Law schools back University of Texas in affirmative action case

, The National Law Journal

   | 9 Comments

The U.S. Supreme Court will grapple with affirmative action again on October 10 when it hears oral arguments in Fisher v. University of Texas. Fisher doesn't center on a law school, but the law school community has rallied around the university, filing amicus briefs defending affirmative action in higher education.

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What's being said

  • Roger

    "The simple, demonstrable statistical fact is that most selective law schools in this country will have almost no students of certain races unless they adopt admissions policies designed to alter that outcome." Maybe if minority undergraduate students knew that the color of their skin was not a key to the kingdom, they would elevate their efforts to gain admittance on merit . . .

  • Ken

    I agree with Jackie B. Some type of affirmative action is important to enhance diversity not just to benefit the minority students, but all students will benefit from being in a more diverse environment, more reflective of the real world they will practice in as a lawyer.

  • Roger

    "The simple, demonstrable statistical fact is that most selective law schools in this country will have almost no students of certain races unless they adopt admissions policies designed to alter that outcome." Maybe if minority undergraduate students knew that the color of their skin was not a key to the kingdom, they would elevate their efforts to gain admittance on merit . . .

  • sweetsuzee

    If I were a minority student I would be mortified by the derogatory, demeaning content in these briefs that include things such as "While an admissions plan that relies solely on students' class rank may achieve a semblance of racial diversity at some large public undergraduate universities, this success could not be replicated for law schools" and "If universities throughout the country are forced to abandon race-conscious admission programs, the number of racially diverse undergraduate students will decrease dramatically".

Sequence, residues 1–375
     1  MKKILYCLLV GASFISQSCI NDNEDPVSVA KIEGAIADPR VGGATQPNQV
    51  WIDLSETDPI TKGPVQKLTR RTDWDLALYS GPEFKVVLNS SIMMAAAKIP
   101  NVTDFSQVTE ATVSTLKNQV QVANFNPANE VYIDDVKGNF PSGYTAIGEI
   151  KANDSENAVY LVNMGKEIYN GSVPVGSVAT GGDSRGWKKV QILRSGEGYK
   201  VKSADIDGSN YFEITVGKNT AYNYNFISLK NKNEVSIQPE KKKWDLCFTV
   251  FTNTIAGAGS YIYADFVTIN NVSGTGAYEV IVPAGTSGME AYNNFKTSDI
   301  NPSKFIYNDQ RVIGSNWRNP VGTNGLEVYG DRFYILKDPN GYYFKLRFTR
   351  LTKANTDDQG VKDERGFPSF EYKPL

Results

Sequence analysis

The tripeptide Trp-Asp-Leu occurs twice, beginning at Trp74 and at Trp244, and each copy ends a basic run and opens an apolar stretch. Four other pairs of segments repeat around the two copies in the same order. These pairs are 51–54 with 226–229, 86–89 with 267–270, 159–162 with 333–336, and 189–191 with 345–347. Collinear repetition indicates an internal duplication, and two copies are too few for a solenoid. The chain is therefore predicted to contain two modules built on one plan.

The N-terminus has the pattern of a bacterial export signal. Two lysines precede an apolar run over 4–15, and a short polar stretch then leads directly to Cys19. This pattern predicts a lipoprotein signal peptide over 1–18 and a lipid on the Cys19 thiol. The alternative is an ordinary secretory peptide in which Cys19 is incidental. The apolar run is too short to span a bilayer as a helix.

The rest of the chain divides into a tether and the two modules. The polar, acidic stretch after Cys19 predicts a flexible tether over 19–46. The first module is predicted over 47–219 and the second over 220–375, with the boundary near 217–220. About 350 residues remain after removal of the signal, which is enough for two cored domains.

How insulting; how offensive? However, in this "give-me" mentality of a society we have become, self-pride and self-worth are very hard to come by.

  • CarrieANation

    Growing up as a minority in another culture, I listened carefully to the racial/behavioral stereotypes its people, jokes and traditions saddled us gringos with.

    Then--without losing the good--I made it a project to improve my outlook and attitudes to purposely show that populace their stereotypes were not universal to all gringos.

  • Jackie B

    In 1967, my undergraduate alma mater adopted a policy of admitting students with low SAT scores and low grades on the basis of race, with the proviso that such students were required to initally enroll in and receive acceptable grades in remedial courses that would raise their skills to the same level as students coming from better school districts. It worked! Today we have many accomplished professionals from various races because they got this break! These students need a chance!

  • Brian

    I'm sorry, but such racial preference is racism. Reverse or counter-racism, perhaps, but racism, all the same. I really must question whether race or socioeconomic status is really the driving force, as well. It sounds more like rent-seeking behaviors designed to draw additional govt. funding, rather than any genuine concern for any group's, race's or individual's ultimate good. And I have to ask, what happens to the profession if schools start dumbing down their curriculum in order to maintain a status quo of diversity that is a mere invention designed to make money and grease squeaky wheels? Not to mention the many thousands of more qualified students who worked harder or are just more suited to the high-pressured legal environment who are going to get sold down the academic river, because they aren't the right color. Diversity in itself, for its own sake, is not a true driver of original or creative thinking, it's just a word that means racial preference, without the sticky racism tag. I went to a very, very diverse college for my BA, and it was a joke. It's ALL ABOUT RENT-SEEKING AND HANDOUTS. My bottom line: "don't piss down my back and tell me it's raining, even if you happen to falsely think that calling that rain diversity makes a real difference; because it doesn't."

  • Tom

    I believe the latest quote I can recall with regard to the subject is attributed to Justice Roberts. Purportedly, he said, "the way to end racial discrimination is to end racial discrimination." 'Nuff said.



  • broke small town lawyer

    of course the six figure income scum that run law schools are going to back affirmative action. After all, the civil rights laws were born of the upper class and their greed for lower cost labor and a more divided electorate.

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